Hilary Smith

Hilary Smith is a writer with Relationships Aotearoa and an experienced counsellor.

How do you know when your relationship is in serious trouble?

Is it the amount of fighting that tells you? Or your ongoing sense of disappointment and boredom? Relationship Services is often asked to identify "warning signs" for people, but actually, relationships tend to be a bit more complicated than that. Some couples recover from affairs, lying and deceit; some couples find boredom too soul destroying to live with.

Sure, anyone who works with couples can give you a list of common stumbling blocks. But there is no surefire formula to tell which of those hurdles your relationship might take in stride and which might trip you up.

Wonderful West Wittering - June 2011 - Happy Couple

If you focus on what's wrong and vulnerable in your relationship, you might find that you're asking the wrong questions. If you look for what will wreck your relationship, danger signs are what you will notice. If you look for problems, problems are what you will find.

While you're busy getting anxious and depressed about the signs of trouble you hunt down, how much time will you have to notice and appreciate the things that work in your relationship?
In an appreciative frame of mind when your partner does something nice for you, you relax and enjoy the treat. But if you're looking for trouble suspicion joins the party and becomes a spoiler. You start to fret about your partner's motives: What's this about? are they guilty about something? what do they want?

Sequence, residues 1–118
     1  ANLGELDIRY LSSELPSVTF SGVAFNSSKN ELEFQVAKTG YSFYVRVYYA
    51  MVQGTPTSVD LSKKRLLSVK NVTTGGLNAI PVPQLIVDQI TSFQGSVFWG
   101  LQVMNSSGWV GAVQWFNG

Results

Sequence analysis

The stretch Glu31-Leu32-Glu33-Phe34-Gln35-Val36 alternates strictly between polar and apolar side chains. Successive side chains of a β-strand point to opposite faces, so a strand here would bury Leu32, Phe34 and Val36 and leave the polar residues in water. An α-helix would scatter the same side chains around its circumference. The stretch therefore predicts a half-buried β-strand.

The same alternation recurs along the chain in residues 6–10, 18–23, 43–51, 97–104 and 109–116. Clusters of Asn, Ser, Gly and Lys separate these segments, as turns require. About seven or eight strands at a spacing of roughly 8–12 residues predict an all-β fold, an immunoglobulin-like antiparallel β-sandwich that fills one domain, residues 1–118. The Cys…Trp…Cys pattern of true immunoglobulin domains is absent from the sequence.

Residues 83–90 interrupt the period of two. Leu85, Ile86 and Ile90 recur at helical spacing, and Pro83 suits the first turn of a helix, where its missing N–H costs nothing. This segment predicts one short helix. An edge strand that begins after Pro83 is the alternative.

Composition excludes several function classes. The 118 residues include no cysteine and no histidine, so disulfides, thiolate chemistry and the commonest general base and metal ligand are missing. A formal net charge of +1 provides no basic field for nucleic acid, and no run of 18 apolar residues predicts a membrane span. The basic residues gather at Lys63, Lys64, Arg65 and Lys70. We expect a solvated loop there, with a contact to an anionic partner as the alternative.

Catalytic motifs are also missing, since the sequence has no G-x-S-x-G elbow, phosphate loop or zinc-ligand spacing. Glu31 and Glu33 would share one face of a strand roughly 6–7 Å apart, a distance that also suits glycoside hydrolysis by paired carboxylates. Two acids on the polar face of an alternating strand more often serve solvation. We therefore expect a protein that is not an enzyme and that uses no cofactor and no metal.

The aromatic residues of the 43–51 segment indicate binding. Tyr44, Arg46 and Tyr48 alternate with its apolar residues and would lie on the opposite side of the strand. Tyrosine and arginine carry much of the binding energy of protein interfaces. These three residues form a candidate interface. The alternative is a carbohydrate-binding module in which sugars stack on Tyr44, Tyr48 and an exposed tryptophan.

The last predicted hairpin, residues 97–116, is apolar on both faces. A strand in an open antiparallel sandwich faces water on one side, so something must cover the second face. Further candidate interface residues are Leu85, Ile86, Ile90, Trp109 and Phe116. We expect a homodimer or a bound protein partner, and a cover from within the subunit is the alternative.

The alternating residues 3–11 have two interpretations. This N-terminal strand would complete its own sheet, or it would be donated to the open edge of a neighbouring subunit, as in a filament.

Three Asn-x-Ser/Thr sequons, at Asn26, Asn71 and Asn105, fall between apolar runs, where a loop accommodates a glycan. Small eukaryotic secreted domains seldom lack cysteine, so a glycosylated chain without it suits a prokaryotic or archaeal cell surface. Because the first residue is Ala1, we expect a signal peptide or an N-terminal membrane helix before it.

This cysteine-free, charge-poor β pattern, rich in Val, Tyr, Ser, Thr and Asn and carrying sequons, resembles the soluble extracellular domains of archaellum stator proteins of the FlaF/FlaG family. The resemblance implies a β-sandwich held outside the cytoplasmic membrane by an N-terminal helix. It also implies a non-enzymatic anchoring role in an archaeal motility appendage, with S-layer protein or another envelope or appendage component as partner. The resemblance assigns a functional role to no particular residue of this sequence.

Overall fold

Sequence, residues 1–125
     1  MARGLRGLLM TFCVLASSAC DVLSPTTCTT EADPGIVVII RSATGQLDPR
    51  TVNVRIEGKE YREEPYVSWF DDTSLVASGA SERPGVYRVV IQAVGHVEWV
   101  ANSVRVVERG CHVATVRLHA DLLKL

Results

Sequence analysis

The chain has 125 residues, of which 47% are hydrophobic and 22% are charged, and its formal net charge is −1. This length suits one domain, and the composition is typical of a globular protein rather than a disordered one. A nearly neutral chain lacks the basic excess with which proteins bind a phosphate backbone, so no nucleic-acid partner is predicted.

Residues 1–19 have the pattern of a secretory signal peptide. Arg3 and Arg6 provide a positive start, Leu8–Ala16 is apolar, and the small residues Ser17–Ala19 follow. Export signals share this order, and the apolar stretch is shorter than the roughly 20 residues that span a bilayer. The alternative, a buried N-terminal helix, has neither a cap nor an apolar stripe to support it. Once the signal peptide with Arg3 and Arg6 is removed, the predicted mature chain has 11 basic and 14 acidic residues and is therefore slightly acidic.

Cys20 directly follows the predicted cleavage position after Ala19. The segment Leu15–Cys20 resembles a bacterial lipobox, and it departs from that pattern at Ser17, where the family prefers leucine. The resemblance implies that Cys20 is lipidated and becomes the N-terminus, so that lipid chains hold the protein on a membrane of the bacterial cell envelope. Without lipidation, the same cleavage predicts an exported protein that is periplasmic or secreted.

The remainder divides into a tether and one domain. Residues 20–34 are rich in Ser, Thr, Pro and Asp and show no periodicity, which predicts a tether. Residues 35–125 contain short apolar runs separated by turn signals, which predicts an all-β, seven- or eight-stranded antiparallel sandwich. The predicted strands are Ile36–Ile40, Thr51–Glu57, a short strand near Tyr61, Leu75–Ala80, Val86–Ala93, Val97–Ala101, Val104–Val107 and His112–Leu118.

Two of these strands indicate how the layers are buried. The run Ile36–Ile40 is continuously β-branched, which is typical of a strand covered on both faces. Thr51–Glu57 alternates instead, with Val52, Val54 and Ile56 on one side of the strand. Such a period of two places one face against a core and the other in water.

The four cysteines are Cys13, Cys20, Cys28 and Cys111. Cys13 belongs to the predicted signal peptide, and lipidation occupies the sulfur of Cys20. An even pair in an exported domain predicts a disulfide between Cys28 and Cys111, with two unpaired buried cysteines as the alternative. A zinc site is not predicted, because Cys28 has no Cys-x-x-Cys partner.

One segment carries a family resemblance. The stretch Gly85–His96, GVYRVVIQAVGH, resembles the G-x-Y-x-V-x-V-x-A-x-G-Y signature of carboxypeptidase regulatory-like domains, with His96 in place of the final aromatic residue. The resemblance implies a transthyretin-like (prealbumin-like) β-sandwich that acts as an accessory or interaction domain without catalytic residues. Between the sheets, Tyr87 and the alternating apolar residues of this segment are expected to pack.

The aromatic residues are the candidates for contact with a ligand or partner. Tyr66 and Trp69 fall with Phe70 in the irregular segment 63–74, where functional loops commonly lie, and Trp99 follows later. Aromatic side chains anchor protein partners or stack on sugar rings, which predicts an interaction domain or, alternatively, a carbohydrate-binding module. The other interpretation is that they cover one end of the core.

When you focus on what works in the relationship, you start from the assumption that you are both doing your best, that your motives and intentions are good. You interpret your partner's behaviour with those ideas in mind. So you assume they are late because the traffic is bad, not because they don't care about you, or because they are cheating on you.

The great thing about appreciating your relationship like this is that when the inevitable problems do emerge, they are isolated against a background of a warm, loving relationship going well. Instead of the problem proving that this relationship really is the disaster you always suspected it to be, it's just a problem.

You have a store of good times and trust. That might just be enough to meet the problem with generosity. Rather than blaming each other for creating the problem, you can co-operate with each other to address the issues and move on.

Relationships don't come with guarantees. There are no one-size-fits-all, failsafe insurance policies. What you can be sure of is that if you look for what works in your relationship, you've got a much better chance of experiencing and enjoying the good things your relationship has to offer.

This appreciative attitude won't protect you from relationship problems, although it may reduce them. It may mean your relationship is better prepared to address problems when they arise. It will certainly mean you have more fun in your relationship in the meantime.

If you would like help to support each other at times of stress, contact Relationship Services on 0800 RELATE (0800 735 283) or telephone your local office which is listed in the telephone directory.

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  • Wice says
    I go for this and will add my platitudes!

    Partners, kids, relatives or neighbours - or even jobs.... the same philosophy can apply. Look for the positive. Praise more than criticise. How you see the world and how you react to it is up to you. Don't sweat the small stuff. That's not to say bury your head in the sand but we live in a 3D world and there are lots of ways to look at things.

  • Mellow says
    Never take anyone or anything for granted. Appreciative of the moment, the time, otherwise, karma will bite you in the arse

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